Research Article: A Man with Labile Blood Pressure

Date Published: April 24, 2007

Publisher: Public Library of Science

Author(s): Ronald C. W Ma, Kwok Hing Yiu, Edward H. C Wong, Kin Hung Liu, Joseph Y. S Chan, Chun Chung Chow, Clive S Cockram

Abstract: Ronald Ma and colleagues discuss the differential diagnosis and management of a patient who presented with recurrent episodes of chest discomfort, palpitations, and labile blood pressure.

Partial Text: A 53-year-old man was admitted to hospital in September 2005 with chest pain. He had a history of nasopharyngeal carcinoma in 1986, for which he was treated with fractionated radiotherapy (62.5 Gy total). His blood pressure (BP) was 100/70 mmHg at the time of diagnosis. He was in remission following radical radiotherapy, but had partial hypopituitarism for which he required thyroxine replacement. Six months prior to admission, he complained of chest discomfort, was noted to be hypertensive in clinic with BP 156/93 mmHg and pulse rate of 107 bpm, and was started on atenolol. Renal function tests, electrolytes, fasting lipids, thyroid-stimulating hormone, and free T4 (thyroxine) were normal. Baseline electrocardiogram (ECG) was unremarkable. An exercise tolerance test was negative. On the day of admission, the patient described retrosternal chest tightness lasting 10 minutes. This was associated with palpitations and nausea. His medications were felodipine, propranolol, alprazolam, and thyroxine. On admission, he was markedly hypertensive (BP 182/123 mmHg). On examination, the patient was afebrile. His BP was persistently elevated. His pulse rate was 80 bpm. Cardiovascular examination was otherwise unremarkable. He had no audible carotid or abdominal bruits. Neurological examination was unremarkable. Fundoscopy was normal. Bedside urine analysis was normal. Plasma electrolytes, renal function, liver function, and amylase were all normal. Fasting glucose was 6.3 mmol/l. Heart size was normal on chest X-ray. ECG showed sinus rhythm (90 bpm) and incomplete right bundle branch block. The patient was initially treated for suspected acute coronary syndrome and was started on an intravenous nitrate infusion. Shortly afterwards, his BP abruptly dropped to 97/62 mmHg and the nitrate infusion was discontinued. Repeat ECG with right-sided chest leads did not show any evidence of right ventricular infarct. Serial troponin T tests were negative. On further questioning, he described a 6-month history of episodic chest discomfort, palpitations, and sweating. He also described marked fluctuation in blood pressure with home readings around 80/40 mmHg and markedly elevated readings in clinic. During admission, frequent fluctuation in BP with a systolic BP (SBP) between 106–226 mmHg and a diastolic BP (DBP) between 62–114 mmHg was noted. This was accompanied by a resting tachycardia with frequent fluctuation of heart rate.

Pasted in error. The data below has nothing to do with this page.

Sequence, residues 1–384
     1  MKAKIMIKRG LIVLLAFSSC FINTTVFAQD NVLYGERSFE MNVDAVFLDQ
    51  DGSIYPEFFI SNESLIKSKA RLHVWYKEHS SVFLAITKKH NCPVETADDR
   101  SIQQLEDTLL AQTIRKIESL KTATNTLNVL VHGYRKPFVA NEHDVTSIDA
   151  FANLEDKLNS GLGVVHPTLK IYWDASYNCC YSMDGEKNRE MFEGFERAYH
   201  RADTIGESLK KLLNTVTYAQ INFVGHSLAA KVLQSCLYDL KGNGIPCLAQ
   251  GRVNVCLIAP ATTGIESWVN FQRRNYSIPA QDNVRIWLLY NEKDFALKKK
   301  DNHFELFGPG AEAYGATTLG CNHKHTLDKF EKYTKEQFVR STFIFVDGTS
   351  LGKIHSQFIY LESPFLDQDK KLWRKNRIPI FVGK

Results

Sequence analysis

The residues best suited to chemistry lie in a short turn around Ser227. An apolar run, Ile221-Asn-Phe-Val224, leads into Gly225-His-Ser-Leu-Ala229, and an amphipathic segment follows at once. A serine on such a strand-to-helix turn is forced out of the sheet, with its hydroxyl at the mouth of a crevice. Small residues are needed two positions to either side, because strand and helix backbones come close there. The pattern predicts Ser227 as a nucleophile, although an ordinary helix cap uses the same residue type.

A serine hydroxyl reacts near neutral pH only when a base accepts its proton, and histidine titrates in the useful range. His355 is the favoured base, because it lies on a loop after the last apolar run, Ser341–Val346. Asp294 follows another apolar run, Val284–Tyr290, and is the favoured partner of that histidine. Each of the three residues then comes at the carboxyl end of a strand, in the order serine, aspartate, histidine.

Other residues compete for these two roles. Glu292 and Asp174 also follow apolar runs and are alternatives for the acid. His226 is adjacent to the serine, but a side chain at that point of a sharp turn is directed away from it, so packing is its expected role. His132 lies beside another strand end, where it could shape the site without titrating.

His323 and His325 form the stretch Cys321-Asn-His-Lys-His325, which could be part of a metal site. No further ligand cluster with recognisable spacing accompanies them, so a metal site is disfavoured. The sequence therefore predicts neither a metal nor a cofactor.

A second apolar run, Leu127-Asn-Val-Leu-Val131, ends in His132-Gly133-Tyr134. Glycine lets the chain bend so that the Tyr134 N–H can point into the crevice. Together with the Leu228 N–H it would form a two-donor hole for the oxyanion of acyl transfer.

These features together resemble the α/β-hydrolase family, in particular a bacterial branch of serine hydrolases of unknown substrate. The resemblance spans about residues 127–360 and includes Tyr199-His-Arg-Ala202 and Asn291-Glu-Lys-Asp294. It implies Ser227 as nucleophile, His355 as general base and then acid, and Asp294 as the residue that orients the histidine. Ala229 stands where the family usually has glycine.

The presence of paroxysmal hypertension should always alert health-care providers to the possibility of a catecholamine-secreting phaeochromocytoma. The diagnosis is supported by the demonstration of elevated plasma or urine catecholamines or metanephrines [1]. However, if this diagnosis is not confirmed, an alternative explanation needs to be sought. Other causes of paroxysmal hypertension include labile hypertension, hyperthyroidism, renovascular hypertension, seizure disorder, migraine, alcohol withdrawal, drugs such as cocaine, amphetamines, or clozapine [2], carcinoid syndrome, panic disorder, and baroreflex failure [3]. In some cases of paroxysmal hypertension, no obvious cause could be identified, though it has been suggested that careful psychosocial interviewing may uncover repressed emotional distress that patients may not be aware of [4].

Source:

http://doi.org/10.1371/journal.pmed.0040111

 

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